This is an impressive work....[a] fine volume when read by anyone wanting a comprehensive and sometimes-critical look at the Mormon Restoration movement. It deserves a wide readership.
--Association for Mormon Letters
Would this be a good resource for a college class on American religion? The answer is a resounding yes. Givens has done it remarkably well. This is the best introduction to the Church.
--Times and Seasons
It is certainly a closely written, thoughtful . . . book by a devoted scholar.... Provocative reading, whether you happen to be a Mormon or not.
-- New York Times Book Review
Givens is fair-minded, sympathetic, and knows his Mormon history, as well as the history of visionaries.... Givens's surest ground is in folding Joseph Smith in with the religious mystics who claimed immediate and intimate knowledge of the supernatural. The importance of his book lies in its scholarly, unbiased, and disinterested examination of a sacred text.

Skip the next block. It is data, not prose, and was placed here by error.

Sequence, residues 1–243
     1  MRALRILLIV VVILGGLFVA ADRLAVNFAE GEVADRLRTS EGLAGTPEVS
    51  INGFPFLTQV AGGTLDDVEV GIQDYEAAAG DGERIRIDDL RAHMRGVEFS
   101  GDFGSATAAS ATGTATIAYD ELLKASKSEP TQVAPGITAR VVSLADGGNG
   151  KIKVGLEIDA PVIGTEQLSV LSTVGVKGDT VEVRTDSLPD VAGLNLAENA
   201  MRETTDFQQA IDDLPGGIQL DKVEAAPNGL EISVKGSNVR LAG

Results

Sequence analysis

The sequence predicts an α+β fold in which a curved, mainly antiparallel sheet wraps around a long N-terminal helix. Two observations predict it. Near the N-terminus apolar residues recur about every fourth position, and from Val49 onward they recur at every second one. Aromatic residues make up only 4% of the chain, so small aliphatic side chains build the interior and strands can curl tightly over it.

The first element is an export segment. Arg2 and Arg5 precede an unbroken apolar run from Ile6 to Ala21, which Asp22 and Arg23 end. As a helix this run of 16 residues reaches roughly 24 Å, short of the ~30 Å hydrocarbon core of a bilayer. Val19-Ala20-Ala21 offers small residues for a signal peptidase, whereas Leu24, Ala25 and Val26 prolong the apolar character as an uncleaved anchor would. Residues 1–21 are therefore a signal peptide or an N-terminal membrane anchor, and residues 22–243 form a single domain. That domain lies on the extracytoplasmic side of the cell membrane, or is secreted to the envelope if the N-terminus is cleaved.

Outstanding, well-argued, engagingly written . . . admirably dispassionate.
--Publishers Weekly (starred review)
Givens’ treatment of the history of scholarship on the Book of Mormon is simply the best, most judicious and engaging survey available. His handling of all of the evidence surrounding the original discovery and translation of the plates is as clear, judicious, and balanced as one could wish. Above all, this study makes the early acceptance of the Book of Mormon in the popular imagination plausible.
-- Books and Culture/Christianity Today
This is an exceptional study. Terryl Givens has written an important work that increases our understanding of both the Book of Mormon and of Mormonism generally. He demonstrates how a single literary work gave rise to an enduring community, a theology, a religion, and a culture, and helps to explain not only the book's history but also the persisting success of Mormonism as an enduring belief system and worshipping community. By the Hand of Mormon is an achievement of real distinction.
Vastly informative, particularly to the general reader who seeks for insight into this extraordinary work.
Until now, the Book of Mormon has not been on anyone's list of canonical literary works, but it may be added soon as Mormonism assumes the dimensions of a budding world religion. Thus far no one has been able to situate this much-contested work in our intellectual history. Givens does, and offers a striking appraisal of just what the Book of Mormon means to our culture.